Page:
Knowledge and Mental Health Policy: Reforming the Structure of Mental Health Services in Norway

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The report analyses “Restructuring of mental health service provision” with a main focus on the formation and implementation of the Mental Health Action Plan 1998 - 2008. “Restructuring of mental health services” in our context relates to the formal organization designs that are set up (evolved/decided) at three levels of government: the national, specialist services and municipal services. Formal restructuring involves processes that intend to reorganize existing service units and design new ones at specialist and municipal levels. These processes are taking place by the combined efforts of state authorities - through a system of regulation tools directed towards influencing local decisions and processes in hospital trusts and municipalities – resting upon the relative autonomy in organizing services in accordance with local preferences. Thus, “restructuring services” is strongly related to “decentralization”. Accordingly, “restructuring” and “decentralization” should be analyzed as processes strongly interconnected, as two sides of the same coin.

Empirical findings

The analyses we have performed in regard to the “public action 1” of “Restructuring mental health services” can be summarized in four points:

1. Contrary to developments in mental health services in many other Western countries at the period of time there was, due to a favorable economic situation for the Norwegian state, a substantial expansion of mental health services. Consequently mental health policies did not implicate a zero-sumgame concerning resource allocations between hospitals and community services after the de-institutionalization phase. There was restructuring of specialist services at the hospital trust level, but also a modest expansion as new funding for specialist services were included in the reform strategy. This eased the tensions between actors at the two levels of service provision.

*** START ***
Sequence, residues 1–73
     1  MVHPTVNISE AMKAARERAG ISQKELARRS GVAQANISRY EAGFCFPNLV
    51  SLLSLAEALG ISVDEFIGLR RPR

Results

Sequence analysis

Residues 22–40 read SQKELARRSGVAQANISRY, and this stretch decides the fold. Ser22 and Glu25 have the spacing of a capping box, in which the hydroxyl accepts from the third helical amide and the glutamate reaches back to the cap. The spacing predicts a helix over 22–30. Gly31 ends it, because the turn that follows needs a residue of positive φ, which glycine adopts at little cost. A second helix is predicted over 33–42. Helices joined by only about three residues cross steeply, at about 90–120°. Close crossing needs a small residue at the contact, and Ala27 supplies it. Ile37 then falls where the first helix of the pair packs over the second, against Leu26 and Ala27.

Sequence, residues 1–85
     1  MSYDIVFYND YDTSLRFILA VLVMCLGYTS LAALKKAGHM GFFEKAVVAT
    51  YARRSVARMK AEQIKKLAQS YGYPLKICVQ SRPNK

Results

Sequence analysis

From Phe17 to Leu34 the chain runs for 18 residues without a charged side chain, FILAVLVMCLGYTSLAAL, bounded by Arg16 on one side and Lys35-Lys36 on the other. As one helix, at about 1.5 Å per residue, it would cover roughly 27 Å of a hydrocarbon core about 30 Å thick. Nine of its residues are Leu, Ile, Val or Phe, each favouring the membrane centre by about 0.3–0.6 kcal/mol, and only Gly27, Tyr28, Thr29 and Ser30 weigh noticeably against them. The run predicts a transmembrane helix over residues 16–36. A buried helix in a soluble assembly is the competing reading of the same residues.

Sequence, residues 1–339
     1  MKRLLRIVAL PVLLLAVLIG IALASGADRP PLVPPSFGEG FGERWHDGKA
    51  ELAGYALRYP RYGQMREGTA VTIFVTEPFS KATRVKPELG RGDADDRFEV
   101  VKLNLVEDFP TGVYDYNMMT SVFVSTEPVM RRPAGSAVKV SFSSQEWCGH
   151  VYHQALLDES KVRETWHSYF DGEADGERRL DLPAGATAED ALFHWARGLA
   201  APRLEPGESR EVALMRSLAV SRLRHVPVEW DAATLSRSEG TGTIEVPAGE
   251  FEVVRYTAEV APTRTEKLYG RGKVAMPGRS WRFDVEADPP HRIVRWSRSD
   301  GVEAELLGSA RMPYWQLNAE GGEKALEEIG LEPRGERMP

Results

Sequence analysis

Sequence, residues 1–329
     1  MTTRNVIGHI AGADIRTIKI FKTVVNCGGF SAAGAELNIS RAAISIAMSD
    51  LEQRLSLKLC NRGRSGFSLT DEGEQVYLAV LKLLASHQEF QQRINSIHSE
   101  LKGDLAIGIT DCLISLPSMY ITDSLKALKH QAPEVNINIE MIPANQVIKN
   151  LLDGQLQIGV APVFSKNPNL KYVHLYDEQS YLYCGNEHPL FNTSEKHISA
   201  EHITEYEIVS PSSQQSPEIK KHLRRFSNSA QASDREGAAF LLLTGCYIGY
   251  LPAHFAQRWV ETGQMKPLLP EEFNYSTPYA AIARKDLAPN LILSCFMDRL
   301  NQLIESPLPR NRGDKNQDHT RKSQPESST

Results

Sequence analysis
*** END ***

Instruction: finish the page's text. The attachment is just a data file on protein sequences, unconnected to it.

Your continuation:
2. The expansion of services, represented by the increase of District Psychiatric Centers (DPSs) and municipal services also included increasing the number of actors within the services. When municipal services were organized psychiatrists – being a scarce resource nationwide – played virtually no role at all neither as consultants nor as service providers. Here, new professional groups (nurses, other health professions and social workers) planned and manned the services. The “multi-professional” aspect of the service developments could potentially cause disagreements and tensions between professions. Most of the time, this did not happen. Due to the division of attention between specialist and municipal services and the non-zero game described above, developments in municipalities and hospital trusts continued separately. However, this also created an uncoordinated service structure as the aggregated result of hundreds of “micro-decisions” on organization designs by municipalities and hospital trusts.